The Real Scandal Behind Hillary Clinton’s Email

tags: Hillary Clinton, Clinton email

Fred Kaplan is the author of "The Insurgents: David Petraeus and the Plot to Change the American Way of War and 1959: The Year Everything Changed."

The scandal over Hillary Clinton’s email evasion, it’s now clear, goes way beyond Hillary Clinton. Take a look at the second paragraph of the New York Times’ front-page story on March 14, headlined “Emails Clinton Said Were Kept Could Be Lost”:

But the State Department disclosed on Friday that until last month it had no way of routinely preserving senior officials’ emails. Instead, the department relied on individual employees to decide if certain emails should be considered public records, and if so, to move them onto a special record-keeping server, or print them out and manually file them for preservation.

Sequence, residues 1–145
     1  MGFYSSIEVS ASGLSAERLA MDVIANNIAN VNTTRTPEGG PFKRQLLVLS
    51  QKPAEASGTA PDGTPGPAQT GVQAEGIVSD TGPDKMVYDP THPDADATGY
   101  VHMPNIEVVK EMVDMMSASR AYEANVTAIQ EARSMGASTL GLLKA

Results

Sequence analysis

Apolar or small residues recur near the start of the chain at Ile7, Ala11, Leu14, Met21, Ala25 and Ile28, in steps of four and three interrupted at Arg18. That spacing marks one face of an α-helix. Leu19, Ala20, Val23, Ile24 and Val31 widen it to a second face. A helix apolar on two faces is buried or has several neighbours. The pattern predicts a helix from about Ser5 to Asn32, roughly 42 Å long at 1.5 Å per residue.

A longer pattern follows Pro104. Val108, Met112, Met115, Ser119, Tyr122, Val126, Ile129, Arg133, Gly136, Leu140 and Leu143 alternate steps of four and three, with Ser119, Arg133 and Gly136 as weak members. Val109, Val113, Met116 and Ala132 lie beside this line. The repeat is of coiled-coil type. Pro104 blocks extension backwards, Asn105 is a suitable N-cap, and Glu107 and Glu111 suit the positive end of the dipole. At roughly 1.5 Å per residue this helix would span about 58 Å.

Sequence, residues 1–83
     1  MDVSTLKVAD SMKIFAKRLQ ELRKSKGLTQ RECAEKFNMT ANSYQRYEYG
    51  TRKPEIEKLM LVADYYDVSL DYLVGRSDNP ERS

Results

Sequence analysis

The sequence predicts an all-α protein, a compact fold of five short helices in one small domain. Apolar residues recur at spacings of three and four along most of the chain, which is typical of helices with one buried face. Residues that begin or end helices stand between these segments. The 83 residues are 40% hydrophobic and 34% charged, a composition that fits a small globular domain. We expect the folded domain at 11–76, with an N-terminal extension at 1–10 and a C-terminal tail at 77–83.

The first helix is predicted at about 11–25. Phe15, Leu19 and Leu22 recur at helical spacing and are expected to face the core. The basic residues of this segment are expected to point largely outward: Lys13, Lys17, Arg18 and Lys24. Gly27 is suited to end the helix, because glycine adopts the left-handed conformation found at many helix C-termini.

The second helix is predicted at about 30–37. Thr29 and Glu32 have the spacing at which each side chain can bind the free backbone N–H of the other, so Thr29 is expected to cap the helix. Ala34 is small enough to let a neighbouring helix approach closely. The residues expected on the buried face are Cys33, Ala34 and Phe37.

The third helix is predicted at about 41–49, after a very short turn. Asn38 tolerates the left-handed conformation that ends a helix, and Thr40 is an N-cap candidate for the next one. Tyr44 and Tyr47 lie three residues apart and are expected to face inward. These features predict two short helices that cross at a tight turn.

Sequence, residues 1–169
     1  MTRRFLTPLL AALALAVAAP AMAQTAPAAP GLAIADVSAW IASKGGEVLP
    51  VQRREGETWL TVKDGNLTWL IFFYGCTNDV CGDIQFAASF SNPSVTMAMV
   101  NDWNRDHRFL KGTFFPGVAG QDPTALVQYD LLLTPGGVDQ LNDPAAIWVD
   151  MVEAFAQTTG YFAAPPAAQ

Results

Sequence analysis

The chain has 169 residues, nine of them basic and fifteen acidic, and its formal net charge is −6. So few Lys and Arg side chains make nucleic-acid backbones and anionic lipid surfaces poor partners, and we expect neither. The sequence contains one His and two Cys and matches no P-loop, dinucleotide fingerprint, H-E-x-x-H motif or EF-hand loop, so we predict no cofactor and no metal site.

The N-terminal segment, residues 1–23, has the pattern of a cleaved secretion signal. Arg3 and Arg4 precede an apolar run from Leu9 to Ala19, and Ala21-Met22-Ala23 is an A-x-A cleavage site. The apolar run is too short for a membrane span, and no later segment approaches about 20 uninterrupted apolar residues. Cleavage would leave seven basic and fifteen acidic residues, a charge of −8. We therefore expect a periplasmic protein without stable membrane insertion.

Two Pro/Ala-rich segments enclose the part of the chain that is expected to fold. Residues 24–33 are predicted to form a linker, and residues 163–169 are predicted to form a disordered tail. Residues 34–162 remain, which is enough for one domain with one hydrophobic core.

The Times story then returns to the saga of Clinton’s private email account, but the big, truly gasp-worthy story for the ages lies in those two sentences. The State Department is doing nothing to retain public records. Neither, others tell me, are the other federal bureaucracies. As a result, our history is vanishing into the ether. Major decisions—cataclysmic events—are happening all around us, but their causes may never be known.

In the old days, officials wrote or dictated memos to one another. Secretaries typed the memos on sheets of paper backed by two or three carbon sheets, then filed the carbons. Periodically, someone from the National Archives came by with a cart to haul the carbons away for posterity.

As a result, it’s now possible to write books about the Vietnam War, World War II, and many other events, large and small. Historians can go to the archives and read the memoranda between Defense Secretary Robert McNamara and national security adviser McGeorge Bundy (much of the Pentagon Papers consists of once-secret memos of this sort); they can read the letters between Franklin D. Roosevelt and Winston Churchill, or the war plans of the Allied generals. ...

Read entire article at Slate

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